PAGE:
# Find a stronger AI for a game, or even a winning strategy

It is a two player game. First we have a eight by eight matrix with a white stone on the (1,1) entry and a black stone on the (8,8) entry. Then alternatively Player 1 and Player 2 move the white stone and the black stone respectively in eight directions: east, northeast, north, etc. For example, at the start of the game, P1 can move the white stone southeast from (1,1) to (7,7), and then P2 can move the black stone west from (8,8) to (8,2). But there is one rule to follow: if you move the stone from entry A, say (2,2), to entry B, say (5,5), then the entries on the straight line from A(2,2) to B(5,5), in this case (2,2), (3,3), (4,4), (5,5), must not be any entry that has been a position for the stones before. At last, to win the game is to force your opponent into a position where he cannot move his stone any more.

Zermelo's theorem tells us that for a game of this kind, i.e. a finite two-player game of perfect information, one of the players has a winning strategy. But it can be very hard to find such a strategy even with the help of a computer. Can you find it?

Even if we can't find the winning strategy, one can at least try to program a strong AI. One try would be as follows. If it is the AI's turn to move, it calculates, for each possible choice of move, the number of moves its opponent can make afterwards; it then pick a move with the smallest such number. So this strategy bases itself upon the idea that, the situation is worse if you have less choices of moves.

But there should be many other things to consider to make the AI stronger. So can you give me some suggestions?

-
What happens if player 2 just mirrors player 1's moves? –  Qiaochu Yuan Apr 1 '13 at 5:02
You can't mirror a move from (1,1) to (7,7). –  Hurkyl Apr 1 '13 at 5:08
@Qiaochu Yuan The rule is that you cannot move the stone across any entry that has been a position of the stones before. –  Walt Apr 1 '13 at 5:19

Unless I'm missing something, player $1$ (white) has a simple winning strategy. First he moves southeast from $(1,1)$ to $(7,7)$. Player $2$ (black) must then move north (along the eastern border) or west (along the southern border), since the diagonal is blocked. White then moves in the same direction as black did, all the way to the edge of the board, thereby sealing black into a one-square-wide corridor. Black now has at most six moves left, and white has plenty of room to putter around until black runs out of room and loses.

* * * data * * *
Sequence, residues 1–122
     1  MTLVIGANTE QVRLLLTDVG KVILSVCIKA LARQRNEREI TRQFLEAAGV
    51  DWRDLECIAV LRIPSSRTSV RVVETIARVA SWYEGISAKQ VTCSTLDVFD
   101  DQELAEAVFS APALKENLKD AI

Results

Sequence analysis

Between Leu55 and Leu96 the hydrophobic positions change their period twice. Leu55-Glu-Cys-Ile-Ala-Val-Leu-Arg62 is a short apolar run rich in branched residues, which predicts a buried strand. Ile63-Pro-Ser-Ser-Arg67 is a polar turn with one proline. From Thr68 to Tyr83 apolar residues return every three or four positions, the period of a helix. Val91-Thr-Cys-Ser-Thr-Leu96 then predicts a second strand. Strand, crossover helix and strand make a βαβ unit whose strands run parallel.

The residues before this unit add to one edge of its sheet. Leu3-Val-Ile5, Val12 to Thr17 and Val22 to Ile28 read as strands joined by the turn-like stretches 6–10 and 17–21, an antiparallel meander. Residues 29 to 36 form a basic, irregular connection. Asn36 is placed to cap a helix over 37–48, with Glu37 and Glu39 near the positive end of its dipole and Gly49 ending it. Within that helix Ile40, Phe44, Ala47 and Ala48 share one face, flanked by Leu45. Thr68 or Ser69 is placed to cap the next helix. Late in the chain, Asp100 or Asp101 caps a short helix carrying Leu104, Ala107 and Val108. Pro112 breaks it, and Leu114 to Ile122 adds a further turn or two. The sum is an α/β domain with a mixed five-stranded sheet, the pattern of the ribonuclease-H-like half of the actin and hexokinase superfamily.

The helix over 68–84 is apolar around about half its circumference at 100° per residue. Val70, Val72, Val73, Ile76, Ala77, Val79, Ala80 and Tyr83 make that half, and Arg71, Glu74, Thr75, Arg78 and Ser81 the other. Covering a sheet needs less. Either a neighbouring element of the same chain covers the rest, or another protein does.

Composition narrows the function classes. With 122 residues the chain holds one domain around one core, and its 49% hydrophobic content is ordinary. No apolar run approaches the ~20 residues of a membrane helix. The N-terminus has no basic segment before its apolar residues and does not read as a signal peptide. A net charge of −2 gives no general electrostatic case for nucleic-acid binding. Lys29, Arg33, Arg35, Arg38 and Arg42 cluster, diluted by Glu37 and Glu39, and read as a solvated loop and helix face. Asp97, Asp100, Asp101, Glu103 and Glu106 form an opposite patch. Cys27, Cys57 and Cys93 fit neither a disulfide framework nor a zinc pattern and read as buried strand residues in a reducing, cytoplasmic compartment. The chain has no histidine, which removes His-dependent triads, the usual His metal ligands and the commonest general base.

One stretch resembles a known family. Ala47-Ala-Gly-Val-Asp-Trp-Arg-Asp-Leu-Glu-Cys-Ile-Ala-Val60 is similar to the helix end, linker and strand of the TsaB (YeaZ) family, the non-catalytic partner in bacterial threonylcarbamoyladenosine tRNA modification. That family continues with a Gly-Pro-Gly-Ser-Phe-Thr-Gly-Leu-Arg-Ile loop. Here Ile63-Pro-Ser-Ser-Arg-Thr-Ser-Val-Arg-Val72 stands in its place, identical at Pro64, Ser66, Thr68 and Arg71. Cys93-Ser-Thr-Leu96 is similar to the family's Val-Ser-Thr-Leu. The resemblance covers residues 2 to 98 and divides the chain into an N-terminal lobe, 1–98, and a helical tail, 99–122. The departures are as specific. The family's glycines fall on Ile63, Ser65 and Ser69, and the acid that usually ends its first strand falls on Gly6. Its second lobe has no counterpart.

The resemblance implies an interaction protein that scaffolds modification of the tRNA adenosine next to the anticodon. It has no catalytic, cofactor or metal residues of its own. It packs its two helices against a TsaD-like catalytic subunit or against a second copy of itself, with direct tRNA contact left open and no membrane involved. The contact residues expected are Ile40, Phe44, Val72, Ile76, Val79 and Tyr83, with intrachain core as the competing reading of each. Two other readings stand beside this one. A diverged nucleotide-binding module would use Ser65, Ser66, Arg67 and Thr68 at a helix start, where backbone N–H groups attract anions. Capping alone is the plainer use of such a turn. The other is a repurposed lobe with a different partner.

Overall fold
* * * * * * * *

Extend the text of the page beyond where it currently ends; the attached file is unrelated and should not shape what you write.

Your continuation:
The game is likely to be more interesting from a more generic starting position.

-
Why is black "sealed"? Say black moves to (4, 8), white moves to (1,7). Black can move to (3,7), (4,7), (5,7), or (2,6) (4,6), (6,6) etc etc. –  Steve Bennett Feb 3 at 8:16
@SteveBennett: I assumed (probably based on the Tron analogy) that moving from $(1,1)$ to $(7,7)$ meant going through the squares $(2,2)$, $(3,3)$, etc., so that those squares could never be used again. The question itself is a little ambiguous, though. Walt, do the stones jump or walk? –  mjqxxxx Feb 4 at 3:16

This isn't really an answer, but it's a start anyways.

I think the game is most interesting when considering a general map (not necessarily 8x8, and possibly with certain tiles already filled in and un-passable) with arbitrary starting positions.

This is very similar to the 2010 Google AI Challenge -- Tron. Here's a video showing the game. Each player controls a Tron LightCycle (motorcycle) starting on a particular square. As you move over the grid, you leave a trail behind you that acts as a wall. Neither player can cross your light trail. When you run into a wall (whether one that was on the map originally, or a light trail), you die. The last player standing wins.

The differences here are that (a) this is turn-based rather than simultaneous-move, (b) in Tron you can only move one square at a time, and must move to an adjacent square; here, you can move a farther distance on each turn, (c) here, squares that you pass over on a long move can be re-used later (like on the move from (1,1) to (7,7), the square (2,2) can later be used for a stone).

To think up good heuristics, the crucial observation for Tron, and I believe for your game as well, is that the winning player who stays alive the longest; and this is the player with the longest (guaranteed) path.

A first rough approximation to this is to compute the number of squares that you can reach before your opponent can. However, this is not good enough: You might have 10 squares "available", but you need to make a choice to turn either right or left, and whichever way you choose, only 5 will be available and you will be cut off from the other 5, so you really only have a path of length up to 5 available. Similarly, think of a map that looks like a comb: It has lots of space available, but ultimately you can only go down one of the "teeth", so the longest path available is not that long.

So one good strategy is to do a minimax sort of thing where you evaluate the position by attempting to approximately compute the longest path available to both players, and picking the move that seems to guarantee you an advantage. There could be lots of heuristics for this. But it seems hard here because moves can be very "non-local" (like a jump from one side of the map to the other).

You can see a post-mortem from the winner of that AI challenge; maybe it will be interesting or useful. Maybe there is some easy winning strategy for white, but I can't see it.

-
Thanks. You've been helpful. –  Walt Apr 7 '13 at 20:24